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Elaine J. Zhou, Tavé A. van Zyl, Zhuo Su, Rohit Thummalapalli, Elizabeth K. Marvin, Susan H. Forster; Prescheduled Appointments as a Strategy for Improving Follow-up Rate Among At-risk Subjects Identified in a Glaucoma Screening Setting. Invest. Ophthalmol. Vis. Sci. 2012;53(14):1398.
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To investigate whether pre-scheduled appointments given at the time of screening increases follow-up rates among participants identified as glaucoma suspects.
Underserved individuals ages ≥40 were screened in a local primary care or community health fair setting in the Greater New Haven Area. Screening modalities included visual acuity, automated perimetry, portable tonometry and ophthalmoscopy performed by an ophthalmology resident. Identified at-risk suspects were randomized to receive either a pre-scheduled appointment for a low-cost complete eye exam within 7-10 days of the date of screening (intervention), or counseling on their results and the importance of timely follow-up with no pre-scheduled appointment (control). Follow-up rates were determined via clinical records and phone surveys and analyzed using Fisher’s exact test with significance set at p<0.05.
Among 302 subjects screened between June 2010 and October 2011, 60 (20%) were identified as "glaucoma likely," of which 37 were available for post-hoc phone surveys and were included in the analysis. Thirteen subjects (35%) completed follow-up eye care, including 5 (26%) in the control and 8 (44%) in the intervention group. Overall, intervention resulted in no statistically significant impact on follow-up rates compared to controls (p=0.31). Among those lacking health insurance, however, intervention led to a statistically significant increase in follow-up rates (54% vs. 0%, p=0.02). Similarly, among those lacking car access intervention was associated with a statistically significant increase in follow-up rates (71% vs. 20%, p=0.04). Ethnicity (p=0.26), living alone (p=0.17), and not having an eye doctor (p=1.0) led to no statistically significant difference in follow-up rates within either group.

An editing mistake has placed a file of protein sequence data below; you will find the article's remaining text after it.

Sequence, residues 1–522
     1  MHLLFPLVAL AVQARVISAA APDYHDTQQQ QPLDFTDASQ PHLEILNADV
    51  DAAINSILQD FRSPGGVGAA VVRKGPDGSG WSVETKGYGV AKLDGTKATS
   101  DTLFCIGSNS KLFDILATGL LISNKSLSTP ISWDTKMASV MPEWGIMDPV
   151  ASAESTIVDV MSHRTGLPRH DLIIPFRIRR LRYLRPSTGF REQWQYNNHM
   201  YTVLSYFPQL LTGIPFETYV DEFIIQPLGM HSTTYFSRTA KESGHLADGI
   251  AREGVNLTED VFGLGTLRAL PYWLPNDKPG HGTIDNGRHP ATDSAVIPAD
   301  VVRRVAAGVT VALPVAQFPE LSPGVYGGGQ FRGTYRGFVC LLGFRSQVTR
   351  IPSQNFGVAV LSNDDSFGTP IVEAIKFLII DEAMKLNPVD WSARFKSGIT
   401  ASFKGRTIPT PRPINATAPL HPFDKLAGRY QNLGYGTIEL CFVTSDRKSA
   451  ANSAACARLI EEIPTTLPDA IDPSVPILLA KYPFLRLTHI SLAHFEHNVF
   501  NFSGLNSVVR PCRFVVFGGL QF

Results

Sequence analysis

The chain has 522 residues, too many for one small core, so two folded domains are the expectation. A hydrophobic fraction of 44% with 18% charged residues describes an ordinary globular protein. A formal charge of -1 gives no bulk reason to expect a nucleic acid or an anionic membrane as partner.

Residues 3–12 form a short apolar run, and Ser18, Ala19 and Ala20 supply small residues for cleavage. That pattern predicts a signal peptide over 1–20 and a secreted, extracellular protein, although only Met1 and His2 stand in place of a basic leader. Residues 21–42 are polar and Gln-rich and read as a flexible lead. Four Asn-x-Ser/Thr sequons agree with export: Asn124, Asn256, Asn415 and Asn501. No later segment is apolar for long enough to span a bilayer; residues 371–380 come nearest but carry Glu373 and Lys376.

Pre-scheduling follow-up appointments to glaucoma suspects at the time of screening may prove both clinically valuable and cost-effective when offered specifically to individuals lacking either access to health insurance or access to a car. However, universal provision may not lead to a statistically significant increase in overall follow-up rates.
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